Wednesday, June 25, 2014

East Lake Golf Club

clubhouse
The grand East Lake Tudor style club house

East Lake Golf Club (ranked #97 in the world) is located in the Atlanta neighborhood of East Lake, only six miles from the city center. The skyscrapers of downtown are visible from the top of the property when you are on the fifteenth green. Going back to East Lake conjured up good feelings, especially since the route to the course is along I-20 which is signposted Augusta. This is especially true since the author has played Augusta and birdied its twelfth hole! The good associations continue when the rushed golfer heads to the half-way house near the first tee to grab a quick sandwich and among the selections is a pimento-cheese. I was glad to play East Lake again with my camera and in summer conditions since my prior visit was during the winter when the greens were overseeded.

The original golf course was laid out by the designer of many undistinguished golf courses, Tom Bendelow, designer of Medinah. In 1913, Donald Ross redesigned the Bendelow course which originally featured two par four and half holes and oddly finished across the lake from the clubhouse. The remodeled course featured a routing plan that provided each nine holes to conclude at the clubhouse. 

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The interior of the clubhouse, a Bobby Jones shrine, seen above is the Great Hall

In 1963, the Ryder Cup was held at East Lake, which was won by the U.S. and featured Arnold Palmer as the playing Captain. In preparation for the matches, the course went through a facelift for three years, during which most of the old course was rebuilt and many of the holes changed to provide the quality championship layout the tournament merited. The alterations were performed under the direction of golf course architect George Cobb. In 1994, Rees Jones restored Donald Ross’s original golf course layout making East Lake an eclectic Bendelow-Ross-Cobb-Jones design.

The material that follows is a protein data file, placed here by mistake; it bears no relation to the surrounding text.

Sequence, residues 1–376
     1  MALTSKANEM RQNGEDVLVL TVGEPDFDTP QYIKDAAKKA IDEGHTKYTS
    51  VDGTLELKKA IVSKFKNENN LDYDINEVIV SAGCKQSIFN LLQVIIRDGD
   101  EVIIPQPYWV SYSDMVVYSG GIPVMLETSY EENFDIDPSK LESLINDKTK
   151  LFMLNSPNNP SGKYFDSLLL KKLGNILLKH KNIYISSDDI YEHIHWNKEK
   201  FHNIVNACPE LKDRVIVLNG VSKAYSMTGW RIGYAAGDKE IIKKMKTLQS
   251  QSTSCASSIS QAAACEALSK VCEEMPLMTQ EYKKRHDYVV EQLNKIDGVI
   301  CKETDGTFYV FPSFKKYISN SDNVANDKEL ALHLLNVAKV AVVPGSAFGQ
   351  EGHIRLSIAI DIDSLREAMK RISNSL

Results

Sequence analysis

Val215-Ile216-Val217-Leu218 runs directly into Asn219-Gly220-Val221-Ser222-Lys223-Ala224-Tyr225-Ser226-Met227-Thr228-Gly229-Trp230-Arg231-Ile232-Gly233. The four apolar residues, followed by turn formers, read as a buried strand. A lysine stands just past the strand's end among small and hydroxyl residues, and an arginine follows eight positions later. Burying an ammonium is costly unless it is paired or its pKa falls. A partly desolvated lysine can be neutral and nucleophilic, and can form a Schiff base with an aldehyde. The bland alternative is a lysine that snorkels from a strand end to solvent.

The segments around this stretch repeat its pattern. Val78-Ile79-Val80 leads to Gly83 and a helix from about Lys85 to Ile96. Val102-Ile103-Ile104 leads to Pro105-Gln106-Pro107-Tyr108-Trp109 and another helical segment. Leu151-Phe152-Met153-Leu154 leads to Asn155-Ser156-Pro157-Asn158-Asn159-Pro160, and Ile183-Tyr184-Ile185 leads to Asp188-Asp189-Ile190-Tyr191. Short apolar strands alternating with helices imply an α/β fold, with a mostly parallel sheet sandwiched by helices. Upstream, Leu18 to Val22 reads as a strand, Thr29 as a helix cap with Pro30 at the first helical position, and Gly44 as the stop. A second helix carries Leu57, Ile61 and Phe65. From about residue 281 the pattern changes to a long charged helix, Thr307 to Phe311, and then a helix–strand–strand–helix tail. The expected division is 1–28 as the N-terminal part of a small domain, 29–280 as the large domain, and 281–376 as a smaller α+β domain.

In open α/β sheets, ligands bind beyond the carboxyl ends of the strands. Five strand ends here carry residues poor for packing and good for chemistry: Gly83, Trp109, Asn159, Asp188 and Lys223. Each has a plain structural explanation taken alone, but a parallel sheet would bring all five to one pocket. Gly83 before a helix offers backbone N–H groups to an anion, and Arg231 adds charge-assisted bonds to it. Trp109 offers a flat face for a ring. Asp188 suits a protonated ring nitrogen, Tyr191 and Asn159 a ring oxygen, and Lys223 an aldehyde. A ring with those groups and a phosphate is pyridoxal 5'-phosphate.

East Lake was the course Bobby Jones played growing up as a youngster and he played the course for a period of 41 years. The interior of the clubhouse is a shrine to Bobby Jones. It includes his Calamity Jane putter, the original scroll conferring the 1958 Freedom of the Burgh of St. Andrews on him, his hickory shafted clubs and his original lockers. It also includes full size replicas of all four of his Grand Slam trophies from 1930, which is fitting because it was only at East Lake that all four were together in one place.